Subject: Re: mkdir() and trailing "/"s
To: None <>
From: Giles Lean <>
List: current-users
Date: 10/09/1999 23:07:35
On 9 Oct 1999 12:12:40 GMT  Heiko W.Rupp wrote:
> Mark Davies wrote:
> |and this fails on NetBSD.  A quick test has confirmed that the mkdir() with
> |trailing slash works on Solaris and Digital UNIX and I presume it works on 
> |Linux (or some KDE user would have noticed by now) so should it be made to 
> |work for *BSD  (following the be liberal in what you accept principle)?
> There is already a PR open on this (PR 8155).
> What does Posix say?

It doesn't, really.  The closest thing I can find in UNIX98
(influenced by POSIX ... my POSIX standard is still "in the mail")


    A character string that is used to identify a file. A pathname
    consists of, at most, {PATH_MAX} bytes, including the terminating
    null byte. It has an optional beginning slash, followed by zero or
    more filenames separated by slashes. If the pathname refers to a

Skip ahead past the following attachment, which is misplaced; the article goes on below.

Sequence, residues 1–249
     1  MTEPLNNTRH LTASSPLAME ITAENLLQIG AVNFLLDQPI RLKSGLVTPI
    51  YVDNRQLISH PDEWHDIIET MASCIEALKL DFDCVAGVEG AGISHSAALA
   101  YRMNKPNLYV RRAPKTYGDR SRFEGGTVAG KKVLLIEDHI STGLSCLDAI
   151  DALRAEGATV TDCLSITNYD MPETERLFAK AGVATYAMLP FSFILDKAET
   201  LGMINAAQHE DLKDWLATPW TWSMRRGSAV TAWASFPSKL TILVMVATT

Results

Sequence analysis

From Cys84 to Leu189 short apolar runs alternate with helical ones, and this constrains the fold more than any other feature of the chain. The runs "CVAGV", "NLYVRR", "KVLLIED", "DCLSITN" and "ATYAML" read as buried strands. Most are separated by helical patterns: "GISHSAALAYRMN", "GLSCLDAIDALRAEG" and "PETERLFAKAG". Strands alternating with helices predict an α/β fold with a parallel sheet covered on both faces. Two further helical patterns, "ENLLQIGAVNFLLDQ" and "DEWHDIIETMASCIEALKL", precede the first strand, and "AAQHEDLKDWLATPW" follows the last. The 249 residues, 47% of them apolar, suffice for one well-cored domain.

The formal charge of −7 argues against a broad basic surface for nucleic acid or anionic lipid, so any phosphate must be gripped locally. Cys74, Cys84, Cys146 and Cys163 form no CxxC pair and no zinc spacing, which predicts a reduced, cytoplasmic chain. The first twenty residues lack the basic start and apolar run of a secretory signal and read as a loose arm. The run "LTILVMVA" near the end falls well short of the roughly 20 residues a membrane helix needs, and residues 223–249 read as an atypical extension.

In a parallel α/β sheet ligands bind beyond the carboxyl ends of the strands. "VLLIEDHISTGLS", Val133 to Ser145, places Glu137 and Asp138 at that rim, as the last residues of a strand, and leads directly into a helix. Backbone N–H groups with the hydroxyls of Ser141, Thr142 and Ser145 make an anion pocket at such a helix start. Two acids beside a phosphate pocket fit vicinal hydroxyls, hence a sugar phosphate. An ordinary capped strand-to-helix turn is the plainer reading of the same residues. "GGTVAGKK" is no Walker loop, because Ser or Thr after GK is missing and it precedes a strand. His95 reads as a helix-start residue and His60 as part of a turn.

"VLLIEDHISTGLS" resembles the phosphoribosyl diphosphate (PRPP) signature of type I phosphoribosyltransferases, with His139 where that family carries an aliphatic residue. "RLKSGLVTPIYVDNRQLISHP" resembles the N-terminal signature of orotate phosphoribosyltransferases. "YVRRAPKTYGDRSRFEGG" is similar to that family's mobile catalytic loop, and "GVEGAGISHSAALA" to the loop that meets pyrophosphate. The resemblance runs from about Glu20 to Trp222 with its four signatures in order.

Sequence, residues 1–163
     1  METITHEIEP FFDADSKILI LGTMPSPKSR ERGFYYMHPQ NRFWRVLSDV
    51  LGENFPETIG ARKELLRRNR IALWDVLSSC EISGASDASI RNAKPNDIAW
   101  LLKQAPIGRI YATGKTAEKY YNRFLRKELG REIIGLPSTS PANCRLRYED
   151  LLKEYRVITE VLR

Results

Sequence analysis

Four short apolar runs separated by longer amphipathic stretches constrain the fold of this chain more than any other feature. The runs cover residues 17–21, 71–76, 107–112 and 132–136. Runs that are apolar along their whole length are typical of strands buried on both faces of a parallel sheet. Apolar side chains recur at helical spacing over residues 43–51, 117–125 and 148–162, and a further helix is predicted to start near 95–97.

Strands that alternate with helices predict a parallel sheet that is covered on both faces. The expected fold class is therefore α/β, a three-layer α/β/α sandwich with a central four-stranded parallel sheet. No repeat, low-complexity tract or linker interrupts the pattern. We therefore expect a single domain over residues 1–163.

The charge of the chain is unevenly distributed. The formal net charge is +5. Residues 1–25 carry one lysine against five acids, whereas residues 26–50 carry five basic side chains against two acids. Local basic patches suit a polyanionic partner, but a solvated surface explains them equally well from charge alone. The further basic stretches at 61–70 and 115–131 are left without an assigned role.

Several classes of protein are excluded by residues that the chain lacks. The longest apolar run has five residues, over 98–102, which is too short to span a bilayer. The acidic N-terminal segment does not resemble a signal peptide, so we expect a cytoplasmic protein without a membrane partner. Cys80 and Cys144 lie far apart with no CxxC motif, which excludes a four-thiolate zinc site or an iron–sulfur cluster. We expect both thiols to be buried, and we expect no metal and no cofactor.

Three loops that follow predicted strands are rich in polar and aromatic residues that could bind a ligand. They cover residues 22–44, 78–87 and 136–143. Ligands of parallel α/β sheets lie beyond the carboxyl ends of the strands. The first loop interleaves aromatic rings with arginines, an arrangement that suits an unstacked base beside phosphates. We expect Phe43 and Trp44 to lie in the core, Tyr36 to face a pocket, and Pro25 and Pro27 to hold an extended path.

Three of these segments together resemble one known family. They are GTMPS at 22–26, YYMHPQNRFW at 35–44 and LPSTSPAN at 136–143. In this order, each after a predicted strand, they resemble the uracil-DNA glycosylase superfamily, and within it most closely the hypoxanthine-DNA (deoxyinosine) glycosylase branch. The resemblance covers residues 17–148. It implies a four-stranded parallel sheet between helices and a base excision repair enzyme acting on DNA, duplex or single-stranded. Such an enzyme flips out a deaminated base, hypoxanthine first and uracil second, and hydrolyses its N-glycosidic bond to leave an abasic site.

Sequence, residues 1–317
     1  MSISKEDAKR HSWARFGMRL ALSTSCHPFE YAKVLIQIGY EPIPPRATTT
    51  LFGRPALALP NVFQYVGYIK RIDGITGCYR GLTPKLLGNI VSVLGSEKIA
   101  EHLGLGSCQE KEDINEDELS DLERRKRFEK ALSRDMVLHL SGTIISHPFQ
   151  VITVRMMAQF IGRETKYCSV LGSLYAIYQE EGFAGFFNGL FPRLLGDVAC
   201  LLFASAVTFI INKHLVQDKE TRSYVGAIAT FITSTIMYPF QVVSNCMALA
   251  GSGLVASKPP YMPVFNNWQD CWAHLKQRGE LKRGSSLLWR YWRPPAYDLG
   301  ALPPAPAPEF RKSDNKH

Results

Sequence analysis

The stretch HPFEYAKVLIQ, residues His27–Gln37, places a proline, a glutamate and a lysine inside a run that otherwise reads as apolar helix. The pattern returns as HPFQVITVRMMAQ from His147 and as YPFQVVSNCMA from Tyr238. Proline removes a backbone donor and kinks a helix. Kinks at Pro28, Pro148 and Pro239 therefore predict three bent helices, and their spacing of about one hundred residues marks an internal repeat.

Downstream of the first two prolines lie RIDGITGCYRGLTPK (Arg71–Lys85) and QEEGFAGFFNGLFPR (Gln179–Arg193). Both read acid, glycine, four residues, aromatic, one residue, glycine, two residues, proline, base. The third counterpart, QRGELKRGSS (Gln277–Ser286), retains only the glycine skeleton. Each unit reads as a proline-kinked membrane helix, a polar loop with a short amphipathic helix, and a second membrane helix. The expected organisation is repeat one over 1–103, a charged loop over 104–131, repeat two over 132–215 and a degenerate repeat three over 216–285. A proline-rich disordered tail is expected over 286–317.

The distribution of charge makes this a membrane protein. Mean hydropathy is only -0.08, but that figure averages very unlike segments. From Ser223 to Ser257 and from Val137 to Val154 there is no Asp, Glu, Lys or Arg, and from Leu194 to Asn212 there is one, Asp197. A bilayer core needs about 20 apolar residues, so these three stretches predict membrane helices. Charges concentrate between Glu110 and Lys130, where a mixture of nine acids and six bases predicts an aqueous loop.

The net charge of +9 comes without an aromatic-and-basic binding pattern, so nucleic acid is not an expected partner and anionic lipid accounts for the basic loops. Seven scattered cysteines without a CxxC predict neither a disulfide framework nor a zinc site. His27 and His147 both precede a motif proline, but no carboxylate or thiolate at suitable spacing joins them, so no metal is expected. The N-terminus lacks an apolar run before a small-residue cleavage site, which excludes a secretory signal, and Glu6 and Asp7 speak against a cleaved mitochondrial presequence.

directory, it may also have one or more trailing slashes. Multiple
    successive slashes are considered to be the same as one slash. A
    pathname that begins with two successive slashes may be
    interpreted in an implementation-dependent manner, although more
    than two leading slashes are treated as a single slash. The
    interpretation of the pathname is described in pathname

Since the argument to mkdir(2) is a pathname that refers to a
directory it is arguable that the trailing slash is allowable, however
there is considerable prior art ("BSD") that doesn't allow such a
trailing slash.

I would prefer to see a trailing slash allowed in mkdir(2) -- there
are few instances where the performance of mkdir is going to matter,
and a reasonable implementation will only check if it fails so
portable code that doesn't use a trailing slash should not be

How about someone offers a patch?  I'd be tempted to look into this
but since I work with non-free Unix source I might be "mentally
contaminated" and NetBSD doesn't need that sort of problem  ...